Traders said the price of Canadian crude shipped to Asia needs to be low enough to offset the cost of shipping across the Pacific on smaller vessels. The largest-sized oil tanker that can dock in Vancouver is an Aframax, which can carry between 500,000 and 700,000 barrels. Vessels at the port can only be loaded up to 80% capacity due to depth and other restrictions, meaning a vessel can only be filled to around 550,000 barrels. That's a stark contrast to the one million barrel Suezmaxes, or the two million barrel very large crude carriers (VLCCs) commonly found in Iraq or Singapore (Asian refiners prefer Iraqi crude due to lower acidity).
(http://gulfnews.com/business/sectors/energy/canada-oil-sands-asia-export...)
Exporting more crude oil through the port of Vancouver is risky, and will increase noise and air pollution (oil tankers burn the cheapest bunker oil). The need to build pipelines to reach tidewater with the goal of exporting Canadian heavy crude oil to foreign countries doesn't hold water.

Hmmm, a number of thoughts travelling through my mind as I read these statements from the Trudeau Liberal Party. Short sighted goals possibly arising from a lack of understanding of the elephant in the room (environment) may be at the basis of the irresponsible actions this party is taking with our country. This after so many campaign promises to make changes to government priorities and actions.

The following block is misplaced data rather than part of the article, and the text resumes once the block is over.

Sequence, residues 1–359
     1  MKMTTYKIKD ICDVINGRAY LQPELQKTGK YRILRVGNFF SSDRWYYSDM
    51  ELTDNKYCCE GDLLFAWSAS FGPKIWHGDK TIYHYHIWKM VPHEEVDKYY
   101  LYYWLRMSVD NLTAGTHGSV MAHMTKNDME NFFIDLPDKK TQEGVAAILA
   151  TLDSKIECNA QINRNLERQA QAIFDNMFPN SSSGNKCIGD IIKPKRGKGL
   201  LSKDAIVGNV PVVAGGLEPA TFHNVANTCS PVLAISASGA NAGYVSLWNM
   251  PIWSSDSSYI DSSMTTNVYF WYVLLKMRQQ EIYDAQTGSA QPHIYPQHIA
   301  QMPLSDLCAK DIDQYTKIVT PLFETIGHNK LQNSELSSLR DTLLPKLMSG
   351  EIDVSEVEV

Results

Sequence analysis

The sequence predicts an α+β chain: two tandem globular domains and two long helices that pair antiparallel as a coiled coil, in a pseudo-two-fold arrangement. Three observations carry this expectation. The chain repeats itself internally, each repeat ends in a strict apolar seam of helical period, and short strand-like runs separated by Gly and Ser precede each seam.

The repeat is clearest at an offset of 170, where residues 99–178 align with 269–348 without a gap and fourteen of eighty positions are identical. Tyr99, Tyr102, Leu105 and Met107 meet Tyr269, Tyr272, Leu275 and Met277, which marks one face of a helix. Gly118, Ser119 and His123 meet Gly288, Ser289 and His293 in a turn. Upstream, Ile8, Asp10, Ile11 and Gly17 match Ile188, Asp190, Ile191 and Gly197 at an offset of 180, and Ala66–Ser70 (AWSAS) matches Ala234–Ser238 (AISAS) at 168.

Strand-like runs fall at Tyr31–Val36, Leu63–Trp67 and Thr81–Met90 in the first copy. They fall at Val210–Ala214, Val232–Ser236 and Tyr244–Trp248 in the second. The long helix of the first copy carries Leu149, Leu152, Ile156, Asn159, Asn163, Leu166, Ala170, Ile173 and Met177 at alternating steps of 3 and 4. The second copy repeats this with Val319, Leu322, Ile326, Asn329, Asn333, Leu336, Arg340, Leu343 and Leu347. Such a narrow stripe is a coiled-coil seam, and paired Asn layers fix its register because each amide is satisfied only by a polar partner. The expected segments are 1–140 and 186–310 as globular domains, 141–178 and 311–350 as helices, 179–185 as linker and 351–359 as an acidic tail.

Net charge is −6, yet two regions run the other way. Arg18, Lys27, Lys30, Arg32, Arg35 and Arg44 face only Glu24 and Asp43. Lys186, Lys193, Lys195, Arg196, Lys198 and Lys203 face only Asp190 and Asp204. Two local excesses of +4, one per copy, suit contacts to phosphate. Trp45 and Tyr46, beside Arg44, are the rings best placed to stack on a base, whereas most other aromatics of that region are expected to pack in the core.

“By taking concrete measures to improve marine safety and responsible shipping, the government of Canada is building a strong, safe, resilient transportation system that will help move Canadian products, including our natural resources to global markets and in the process, improve economic prospects for the middle class."

Marine safety and responsible shipping seem oxymoron to anyone who is aware of the innumerable (often not reported) leaks, in pipelines and the consequences for just one tanker spill. These accidents are not fixable. There are no remedies to the earth and ocean once these contaminants are introduced. Some of the contaminants can be scooped up but the majority of the contaminants remain where the spills occurred for decades if not centuries. World class clean-up response is only a political phrase, as known technologies to clean up spills wherever they occur are completely inadequate. Until we can fix any problems we must not play with this set of matches.